This map of NC/SC, with a curious imprint, “Published by James T. Paterson”, contains no date or place of publication.
Although there is a plate number in the upper left corner, the type of paper and numerous folds are more indicative of a pocket map than a map extracted from an atlas. I stumbled upon copies of this map at the Library of Congress and UNC a dozen or more years ago. At that time, internet searches did not provide any clues about the origin of this map. Oh my, how times have changed!
At first glance, the map appears to be, and in fact is, copied from the Johnson & Browning map found in late 1860 and early 1861 issues of their Johnson’s New Illustrated (Steel Plate) Family Atlas...1 Paterson copied Johnson & Browning’s map even to the point of including the “32” plate number at top left corner, though omitting the “33” from the top right corner. The title imprint at lower right credits Paterson instead of Johnson & Browning.
Confirmation that the map was issued in pocket format has been confirmed by extant copies still in original covers. The cover title is “Map of the Seat of War in North and South Carolina” and states “sold by M.M. Cohen”.2 There are no known copies of an atlas published by James T. Paterson, nor have any advertisements been found for such. However, 200 copies of the separately published map of the Carolinas were advertised for sale by M. M. Cohen of Augusta, Georgia, in February, 1865:
An 1865 date of publication makes sense, as that was when the “seat of war” shifted to the Carolinas.The map of “North and South Carolina” was the last in a short series of cartographic works published by Paterson.
Paterson’s other maps
The first two maps published by Paterson were during a visit to Richmond, Virginia, in 1861 (more on that later). One, a map of the seat of war in Virginia and Maryland, lists Paterson as publisher, the firm of Hoyer & Ludwig (Richmond) as lithographers, and sold by George L. Bidgood (Richmond) and Tucker & Perkins (Augusta). This may have been an original production “Compiled from the latest maps.” The other map, of Kentucky and Tennessee, states “Published by JAMES T. PATERSON, RICHMOND, VA”. Like the map of the Carolinas, Paterson’s map of Kentucky and Tennessee is a blatant copy of a Johnson & Browning map.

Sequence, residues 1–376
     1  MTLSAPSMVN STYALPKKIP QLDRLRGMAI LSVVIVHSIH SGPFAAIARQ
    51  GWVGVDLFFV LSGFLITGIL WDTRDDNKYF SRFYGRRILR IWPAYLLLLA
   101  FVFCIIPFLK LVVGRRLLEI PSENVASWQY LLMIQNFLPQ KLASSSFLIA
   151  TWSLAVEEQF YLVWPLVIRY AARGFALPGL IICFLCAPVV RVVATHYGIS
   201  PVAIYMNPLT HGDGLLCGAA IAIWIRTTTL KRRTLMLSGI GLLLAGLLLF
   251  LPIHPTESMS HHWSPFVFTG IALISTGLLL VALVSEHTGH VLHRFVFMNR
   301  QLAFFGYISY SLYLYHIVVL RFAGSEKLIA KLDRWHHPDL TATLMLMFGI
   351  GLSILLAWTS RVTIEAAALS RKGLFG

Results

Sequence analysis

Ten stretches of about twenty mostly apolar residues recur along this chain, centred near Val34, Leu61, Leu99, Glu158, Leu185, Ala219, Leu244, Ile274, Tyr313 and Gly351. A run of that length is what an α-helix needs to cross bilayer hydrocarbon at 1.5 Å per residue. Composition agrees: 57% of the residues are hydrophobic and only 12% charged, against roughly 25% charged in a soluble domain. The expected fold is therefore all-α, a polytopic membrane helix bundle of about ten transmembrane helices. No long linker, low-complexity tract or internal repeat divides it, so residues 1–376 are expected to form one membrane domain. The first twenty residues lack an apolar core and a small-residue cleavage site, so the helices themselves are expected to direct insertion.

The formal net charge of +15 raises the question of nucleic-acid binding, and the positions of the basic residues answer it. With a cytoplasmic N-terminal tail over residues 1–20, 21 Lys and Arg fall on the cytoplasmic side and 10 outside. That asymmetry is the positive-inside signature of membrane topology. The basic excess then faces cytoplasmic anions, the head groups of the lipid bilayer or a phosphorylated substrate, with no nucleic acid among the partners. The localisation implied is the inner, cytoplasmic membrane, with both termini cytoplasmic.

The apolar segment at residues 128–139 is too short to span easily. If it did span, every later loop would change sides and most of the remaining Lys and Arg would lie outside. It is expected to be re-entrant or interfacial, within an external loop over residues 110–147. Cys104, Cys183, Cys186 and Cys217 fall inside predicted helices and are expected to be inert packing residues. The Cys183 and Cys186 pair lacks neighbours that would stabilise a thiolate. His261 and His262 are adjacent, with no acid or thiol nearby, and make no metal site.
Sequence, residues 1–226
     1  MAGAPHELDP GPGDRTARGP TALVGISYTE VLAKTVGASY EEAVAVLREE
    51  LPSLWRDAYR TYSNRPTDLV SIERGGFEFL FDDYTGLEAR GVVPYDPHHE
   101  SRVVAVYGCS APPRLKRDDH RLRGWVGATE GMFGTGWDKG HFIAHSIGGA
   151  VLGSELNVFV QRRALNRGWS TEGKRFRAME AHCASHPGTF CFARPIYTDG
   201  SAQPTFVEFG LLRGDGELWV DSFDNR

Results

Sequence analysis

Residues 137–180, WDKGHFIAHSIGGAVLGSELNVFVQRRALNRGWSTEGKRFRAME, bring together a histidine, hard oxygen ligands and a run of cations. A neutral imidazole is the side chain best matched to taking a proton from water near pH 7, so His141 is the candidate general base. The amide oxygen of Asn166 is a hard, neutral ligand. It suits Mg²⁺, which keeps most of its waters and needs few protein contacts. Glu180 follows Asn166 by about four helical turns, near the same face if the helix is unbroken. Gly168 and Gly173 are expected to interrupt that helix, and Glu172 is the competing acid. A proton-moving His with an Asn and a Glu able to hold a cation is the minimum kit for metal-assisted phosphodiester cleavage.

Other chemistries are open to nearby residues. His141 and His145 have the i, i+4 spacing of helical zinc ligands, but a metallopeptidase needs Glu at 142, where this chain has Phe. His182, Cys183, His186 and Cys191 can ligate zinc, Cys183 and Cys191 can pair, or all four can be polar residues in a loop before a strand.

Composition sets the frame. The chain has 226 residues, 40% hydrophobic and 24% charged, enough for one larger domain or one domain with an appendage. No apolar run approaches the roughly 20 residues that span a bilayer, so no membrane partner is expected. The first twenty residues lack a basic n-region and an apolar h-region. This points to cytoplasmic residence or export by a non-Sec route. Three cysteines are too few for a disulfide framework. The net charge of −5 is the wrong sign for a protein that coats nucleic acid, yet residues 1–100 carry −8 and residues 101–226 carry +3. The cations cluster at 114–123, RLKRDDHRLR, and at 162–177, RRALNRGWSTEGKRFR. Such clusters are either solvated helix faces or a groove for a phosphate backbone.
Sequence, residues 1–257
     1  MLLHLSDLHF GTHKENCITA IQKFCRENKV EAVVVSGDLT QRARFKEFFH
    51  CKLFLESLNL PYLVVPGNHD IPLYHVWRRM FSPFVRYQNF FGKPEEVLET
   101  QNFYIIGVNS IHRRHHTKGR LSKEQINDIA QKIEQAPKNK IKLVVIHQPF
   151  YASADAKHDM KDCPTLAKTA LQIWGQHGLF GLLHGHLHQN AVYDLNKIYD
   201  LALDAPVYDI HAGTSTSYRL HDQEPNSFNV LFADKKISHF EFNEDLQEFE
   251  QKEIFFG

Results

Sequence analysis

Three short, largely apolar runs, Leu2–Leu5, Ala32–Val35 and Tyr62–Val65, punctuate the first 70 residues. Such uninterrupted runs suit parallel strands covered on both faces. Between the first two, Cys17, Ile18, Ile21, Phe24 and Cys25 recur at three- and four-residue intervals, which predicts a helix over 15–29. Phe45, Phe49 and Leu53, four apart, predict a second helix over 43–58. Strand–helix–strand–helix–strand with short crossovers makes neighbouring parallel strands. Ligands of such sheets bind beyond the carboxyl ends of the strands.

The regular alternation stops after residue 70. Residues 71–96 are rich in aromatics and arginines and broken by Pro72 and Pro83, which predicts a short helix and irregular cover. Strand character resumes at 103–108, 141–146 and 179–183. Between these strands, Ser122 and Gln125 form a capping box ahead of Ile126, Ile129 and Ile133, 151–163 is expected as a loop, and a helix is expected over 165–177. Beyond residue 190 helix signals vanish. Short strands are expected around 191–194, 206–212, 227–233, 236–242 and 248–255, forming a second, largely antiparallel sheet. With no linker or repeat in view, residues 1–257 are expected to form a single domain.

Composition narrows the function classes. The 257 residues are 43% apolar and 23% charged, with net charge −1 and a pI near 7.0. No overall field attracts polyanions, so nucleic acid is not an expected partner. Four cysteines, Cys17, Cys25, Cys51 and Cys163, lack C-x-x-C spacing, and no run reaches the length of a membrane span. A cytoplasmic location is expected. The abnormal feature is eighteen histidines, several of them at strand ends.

Paterson’s third map, Map of Northern Georgia and Tennessee... was published in Augusta, Georgia, in 1863. It also appears to be an original production. The map was “lithographed/published by J.T. Paterson & Co.” This map was engraved by “F. Geese”. Frederick Geese is listed as a lithographer in an 1870s Richmond directory.
Who was James T. Paterson?
James Thomson Paterson was born on 13 October 1831, in New Keith, Scotland, and baptized on 7 November 1831.3 This blogger has been unable, from the comforts of home, to find any information on his early life or education. On 1 January 1855, the 23 year old “Physician” married a 31 year old widow, Jane M. Nutter Huckins, in Boston, Massachusetts.4 A few months later, the Boston Herald published a 21 April 1855, “Letter from Iowa”, which included the following statement: Persons who desire to see this beautiful [Des Moines] valley of Iowa, would do well to call upon Dr. James T. Paterson, 25 Winter street, Boston, who designs to come here this spring to practice as a surgeon dentist. He can give particulars...5